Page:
Mendi + Keith Obadike are interdisciplinary artists who make art, music, and literature. Their intermedia work has been commissioned by The NY African Film Festival and Electronic Arts Intermix, Rhizome/The New Museum, Yale University, Whitechapel Art Gallery (London), and The Whitney Museum of American Art, among other institutions. Their major works include the sound installation American Cypher; the sound installation African Metropole; The Sour Thunder, an Internet Opera (Yale/Bridge Records); Crosstalk: American Speech Music (Bridge Records); Black.Net.Art Actions, a suite of new media artworks including Blackness for Sale (republished in re:skin on M.I.T Press); Phonotype (Ramapo), a book & CD of media artworks; and a poetry collection, Armor and Flesh (Lotus Press). They have contributed sounds/music to projects by a wide range of artists, including loops for soul singer D’Angelo’s first album and a score for playwright Anna Deavere Smith at the Lincoln Center Institute. Mendi + Keith Obadike were invited to develop their first “opera-masquerade” by writer Toni Morrison at her Princeton Atelier. This project, Four Electric Ghosts, was later commissioned by the Kitchen and listed in Artforum’s Best of the Year. Other honors include the Rockefeller New Media Arts Fellowship, the Pick Laudati Award for Digital Art, the New York Foundation for the Arts Fellowship in Fiction, and the Vectors Fellowship from USC. Their music and sound works have been featured on New York and Chicago public radio, as well as on Juniradio (104.5) in Berlin. Keith Obadike received a BA in Art from North Carolina Central University and an MFA in Sound Design from Yale University. He is Associate Professor in the College of Arts and Communication at William Paterson University and serves as an art advisor for the Times Square Alliance. Mendi Obadike received a BA in English from Spelman College and a PhD in Literature from Duke University. After working as a Cotsen Postdoctoral Fellow at Princeton University, she became a poetry editor at Fence magazine and Assistant Professor in the Department of Humanities and Media Studies at Pratt Institute. Upcoming projects include a collaboration with Urban Bushwomen on their new work Walking with Trane and a commissioned series of public artworks in Chicago created from the archives of the Center for Black Music Research at Columbia College to complete Mendi + Keith Obadike’s third American History Intermedia Suite, Free Phase.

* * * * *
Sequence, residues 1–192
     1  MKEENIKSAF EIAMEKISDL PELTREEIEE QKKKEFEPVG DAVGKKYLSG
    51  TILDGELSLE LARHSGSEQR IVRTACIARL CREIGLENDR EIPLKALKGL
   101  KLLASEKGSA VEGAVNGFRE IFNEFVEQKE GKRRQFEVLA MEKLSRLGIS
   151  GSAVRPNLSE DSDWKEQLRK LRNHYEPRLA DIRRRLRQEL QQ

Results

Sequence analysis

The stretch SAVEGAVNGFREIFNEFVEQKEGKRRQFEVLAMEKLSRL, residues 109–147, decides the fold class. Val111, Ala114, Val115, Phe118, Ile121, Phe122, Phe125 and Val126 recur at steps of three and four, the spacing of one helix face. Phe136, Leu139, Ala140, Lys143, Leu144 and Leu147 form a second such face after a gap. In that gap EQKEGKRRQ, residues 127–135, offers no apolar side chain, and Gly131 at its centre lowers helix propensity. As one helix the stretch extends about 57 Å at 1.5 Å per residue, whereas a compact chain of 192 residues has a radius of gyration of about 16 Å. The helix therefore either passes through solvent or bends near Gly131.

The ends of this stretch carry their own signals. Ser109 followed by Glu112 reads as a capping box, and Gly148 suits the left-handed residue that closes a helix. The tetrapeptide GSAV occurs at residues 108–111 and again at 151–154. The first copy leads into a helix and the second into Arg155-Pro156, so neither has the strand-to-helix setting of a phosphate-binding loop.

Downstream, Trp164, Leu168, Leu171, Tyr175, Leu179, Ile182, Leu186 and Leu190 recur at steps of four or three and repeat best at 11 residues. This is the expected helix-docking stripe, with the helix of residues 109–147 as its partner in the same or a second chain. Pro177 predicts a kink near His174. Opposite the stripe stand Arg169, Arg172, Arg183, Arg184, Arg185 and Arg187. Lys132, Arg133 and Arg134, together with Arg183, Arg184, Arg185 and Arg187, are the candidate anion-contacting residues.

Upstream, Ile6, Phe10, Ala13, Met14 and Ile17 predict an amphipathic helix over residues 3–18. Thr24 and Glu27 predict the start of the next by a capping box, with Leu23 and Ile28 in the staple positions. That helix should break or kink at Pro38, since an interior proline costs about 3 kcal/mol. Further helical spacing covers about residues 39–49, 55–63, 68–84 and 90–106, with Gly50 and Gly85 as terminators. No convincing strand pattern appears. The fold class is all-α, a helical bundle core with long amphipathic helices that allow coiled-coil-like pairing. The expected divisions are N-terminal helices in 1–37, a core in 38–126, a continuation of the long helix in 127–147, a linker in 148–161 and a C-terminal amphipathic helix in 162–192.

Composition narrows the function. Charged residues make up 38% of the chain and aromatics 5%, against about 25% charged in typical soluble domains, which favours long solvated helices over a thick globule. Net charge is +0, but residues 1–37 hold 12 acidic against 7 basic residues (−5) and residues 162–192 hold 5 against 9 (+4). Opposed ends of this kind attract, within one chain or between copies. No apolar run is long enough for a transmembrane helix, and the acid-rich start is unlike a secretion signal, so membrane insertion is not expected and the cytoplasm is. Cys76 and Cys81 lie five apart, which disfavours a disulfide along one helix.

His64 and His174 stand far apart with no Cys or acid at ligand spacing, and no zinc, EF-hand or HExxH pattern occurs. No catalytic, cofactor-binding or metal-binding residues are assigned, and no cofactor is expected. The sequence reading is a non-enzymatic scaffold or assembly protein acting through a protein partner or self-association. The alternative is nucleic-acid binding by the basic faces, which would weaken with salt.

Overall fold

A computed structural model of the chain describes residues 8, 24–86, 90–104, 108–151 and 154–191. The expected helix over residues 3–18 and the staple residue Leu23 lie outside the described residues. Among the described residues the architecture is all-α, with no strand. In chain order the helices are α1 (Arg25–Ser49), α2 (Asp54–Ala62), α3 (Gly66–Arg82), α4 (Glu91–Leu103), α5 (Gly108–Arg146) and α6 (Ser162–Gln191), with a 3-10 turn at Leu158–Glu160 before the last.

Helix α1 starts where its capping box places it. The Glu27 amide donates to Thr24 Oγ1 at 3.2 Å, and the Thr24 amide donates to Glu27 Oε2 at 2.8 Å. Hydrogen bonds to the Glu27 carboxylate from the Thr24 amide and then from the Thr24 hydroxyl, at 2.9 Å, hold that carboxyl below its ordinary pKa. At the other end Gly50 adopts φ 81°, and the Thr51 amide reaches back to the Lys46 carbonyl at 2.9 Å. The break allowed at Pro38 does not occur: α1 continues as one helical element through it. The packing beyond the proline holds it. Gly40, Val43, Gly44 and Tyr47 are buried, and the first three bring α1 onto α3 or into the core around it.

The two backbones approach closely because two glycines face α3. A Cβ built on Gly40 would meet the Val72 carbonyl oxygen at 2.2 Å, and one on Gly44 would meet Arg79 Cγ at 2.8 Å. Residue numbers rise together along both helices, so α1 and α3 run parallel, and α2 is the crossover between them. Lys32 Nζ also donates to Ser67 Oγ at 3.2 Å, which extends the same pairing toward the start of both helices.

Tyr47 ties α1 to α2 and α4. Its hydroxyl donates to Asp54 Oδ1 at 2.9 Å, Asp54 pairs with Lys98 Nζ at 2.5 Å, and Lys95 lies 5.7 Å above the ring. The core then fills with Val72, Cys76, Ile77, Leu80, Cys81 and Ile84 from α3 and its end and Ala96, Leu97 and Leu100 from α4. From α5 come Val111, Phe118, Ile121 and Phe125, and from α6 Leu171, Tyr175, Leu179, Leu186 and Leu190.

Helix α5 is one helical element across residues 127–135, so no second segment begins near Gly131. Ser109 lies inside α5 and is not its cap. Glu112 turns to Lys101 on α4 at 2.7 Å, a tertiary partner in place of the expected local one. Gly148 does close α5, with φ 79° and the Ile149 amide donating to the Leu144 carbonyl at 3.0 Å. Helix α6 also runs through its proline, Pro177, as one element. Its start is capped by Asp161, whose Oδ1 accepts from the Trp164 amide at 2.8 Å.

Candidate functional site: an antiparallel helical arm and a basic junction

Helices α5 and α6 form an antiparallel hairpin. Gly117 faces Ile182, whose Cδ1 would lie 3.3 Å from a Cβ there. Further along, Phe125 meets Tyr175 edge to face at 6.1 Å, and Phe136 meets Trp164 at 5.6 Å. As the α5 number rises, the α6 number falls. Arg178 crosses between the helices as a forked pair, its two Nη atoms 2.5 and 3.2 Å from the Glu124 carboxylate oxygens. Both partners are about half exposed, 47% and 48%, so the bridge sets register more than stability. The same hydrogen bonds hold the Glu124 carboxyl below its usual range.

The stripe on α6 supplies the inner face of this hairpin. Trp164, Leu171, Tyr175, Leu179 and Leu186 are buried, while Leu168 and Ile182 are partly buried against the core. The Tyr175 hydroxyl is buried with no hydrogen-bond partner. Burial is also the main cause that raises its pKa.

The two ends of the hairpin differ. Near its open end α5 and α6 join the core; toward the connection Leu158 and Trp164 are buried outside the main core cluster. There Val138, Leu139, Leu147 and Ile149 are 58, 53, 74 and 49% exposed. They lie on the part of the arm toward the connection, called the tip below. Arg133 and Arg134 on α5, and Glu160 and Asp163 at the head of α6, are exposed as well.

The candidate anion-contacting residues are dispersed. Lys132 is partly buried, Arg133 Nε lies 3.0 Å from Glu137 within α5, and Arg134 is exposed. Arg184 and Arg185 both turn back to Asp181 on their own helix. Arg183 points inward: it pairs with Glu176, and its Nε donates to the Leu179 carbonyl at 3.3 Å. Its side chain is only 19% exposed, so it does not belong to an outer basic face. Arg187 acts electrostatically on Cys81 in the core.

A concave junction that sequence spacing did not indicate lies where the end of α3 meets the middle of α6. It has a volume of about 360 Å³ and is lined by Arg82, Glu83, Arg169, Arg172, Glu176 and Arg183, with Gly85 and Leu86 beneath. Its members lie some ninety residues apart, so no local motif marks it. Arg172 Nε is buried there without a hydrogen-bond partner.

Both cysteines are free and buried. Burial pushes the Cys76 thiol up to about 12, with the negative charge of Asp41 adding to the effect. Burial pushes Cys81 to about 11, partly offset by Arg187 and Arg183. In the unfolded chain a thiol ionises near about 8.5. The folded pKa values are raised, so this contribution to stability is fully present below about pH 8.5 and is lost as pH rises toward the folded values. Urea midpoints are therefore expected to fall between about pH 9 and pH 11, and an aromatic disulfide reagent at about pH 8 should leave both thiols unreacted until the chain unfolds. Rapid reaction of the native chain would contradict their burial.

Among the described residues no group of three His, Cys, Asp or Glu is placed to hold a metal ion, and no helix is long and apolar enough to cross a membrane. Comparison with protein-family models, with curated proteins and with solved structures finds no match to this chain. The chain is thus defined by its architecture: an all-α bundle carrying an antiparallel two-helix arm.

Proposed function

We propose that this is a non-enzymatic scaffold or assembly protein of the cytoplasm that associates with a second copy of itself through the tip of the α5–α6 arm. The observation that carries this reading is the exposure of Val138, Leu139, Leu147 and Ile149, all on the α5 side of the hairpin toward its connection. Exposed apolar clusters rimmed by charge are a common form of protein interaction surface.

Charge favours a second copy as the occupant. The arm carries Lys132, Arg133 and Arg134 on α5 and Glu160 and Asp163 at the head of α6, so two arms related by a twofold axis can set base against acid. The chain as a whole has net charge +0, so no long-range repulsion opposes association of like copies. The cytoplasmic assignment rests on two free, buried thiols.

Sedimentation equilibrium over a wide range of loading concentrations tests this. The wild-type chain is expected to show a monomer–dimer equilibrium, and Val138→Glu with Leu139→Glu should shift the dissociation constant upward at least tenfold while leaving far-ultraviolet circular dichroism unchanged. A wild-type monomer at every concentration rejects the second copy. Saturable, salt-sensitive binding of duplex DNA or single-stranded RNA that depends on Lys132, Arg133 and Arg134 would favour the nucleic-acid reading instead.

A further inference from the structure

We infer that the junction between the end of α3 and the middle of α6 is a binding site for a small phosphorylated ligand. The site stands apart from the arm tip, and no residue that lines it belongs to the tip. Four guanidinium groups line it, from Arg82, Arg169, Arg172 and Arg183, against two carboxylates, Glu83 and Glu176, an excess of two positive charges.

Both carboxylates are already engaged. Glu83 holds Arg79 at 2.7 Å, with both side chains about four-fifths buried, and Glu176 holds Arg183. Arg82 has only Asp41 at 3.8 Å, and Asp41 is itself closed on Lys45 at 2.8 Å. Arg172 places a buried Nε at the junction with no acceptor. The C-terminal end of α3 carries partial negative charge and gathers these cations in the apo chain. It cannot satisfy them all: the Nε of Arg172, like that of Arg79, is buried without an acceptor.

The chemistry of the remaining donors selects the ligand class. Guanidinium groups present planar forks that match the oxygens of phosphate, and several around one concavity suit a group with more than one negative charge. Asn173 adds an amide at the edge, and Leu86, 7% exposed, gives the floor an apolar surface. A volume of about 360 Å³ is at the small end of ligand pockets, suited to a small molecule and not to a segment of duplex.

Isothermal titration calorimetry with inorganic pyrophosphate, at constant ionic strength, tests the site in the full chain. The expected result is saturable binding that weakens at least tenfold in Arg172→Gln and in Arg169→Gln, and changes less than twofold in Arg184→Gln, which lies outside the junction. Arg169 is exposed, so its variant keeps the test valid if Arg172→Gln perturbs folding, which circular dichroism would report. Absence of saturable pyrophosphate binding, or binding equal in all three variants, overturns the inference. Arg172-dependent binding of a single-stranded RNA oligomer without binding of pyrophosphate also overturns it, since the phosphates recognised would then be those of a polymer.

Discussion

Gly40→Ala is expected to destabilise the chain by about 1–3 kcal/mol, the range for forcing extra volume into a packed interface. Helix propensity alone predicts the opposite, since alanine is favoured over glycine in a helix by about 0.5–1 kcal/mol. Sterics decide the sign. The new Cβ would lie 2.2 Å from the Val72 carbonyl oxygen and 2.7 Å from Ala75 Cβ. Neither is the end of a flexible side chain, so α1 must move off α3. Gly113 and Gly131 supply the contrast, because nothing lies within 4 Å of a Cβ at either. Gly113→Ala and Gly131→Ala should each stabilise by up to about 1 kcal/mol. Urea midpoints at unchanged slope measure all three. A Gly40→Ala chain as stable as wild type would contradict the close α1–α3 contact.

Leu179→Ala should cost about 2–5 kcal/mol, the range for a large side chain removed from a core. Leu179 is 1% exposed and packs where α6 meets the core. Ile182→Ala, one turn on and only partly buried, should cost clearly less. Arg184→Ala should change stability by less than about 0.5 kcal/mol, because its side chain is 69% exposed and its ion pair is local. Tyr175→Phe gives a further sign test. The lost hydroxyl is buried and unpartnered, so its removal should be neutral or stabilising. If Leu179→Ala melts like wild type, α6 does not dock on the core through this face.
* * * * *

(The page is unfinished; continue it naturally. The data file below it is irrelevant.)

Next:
Laurie Jo Reynolds is an artist and policy advocate. She was the organizer for Tamms Year Ten, a grassroots campaign to close the notorious state supermax prison in Tamms, Illinois, shuttered in 2013 by Governor Pat Quinn. As a 2010 Soros Justice Fellow, Reynolds researched best practices to stop sexual abuse and reduce recidivism, creating functional and dialogical art to support policy change. She recently produced work for Citizen Culture: Art and Architecture Shape Policy, Santa Monica Museum of Art; A Proximity of Consciousness, Sullivan Galleries, Chicago; and Museum of Arte Útil, Van Abbemuseum, Eindhoven, Netherlands. Reynolds is the recipient of a Creative Capital grant, a Blade of Grass fellowship and the Lenore Annenberg Prize for Art and Social Change. In 2014, she was on the staff of Governor Quinn’s re-election campaign. She is now Assistant Professor of Public Arts, Social Justice, and Culture at the University of Illinois at Chicago.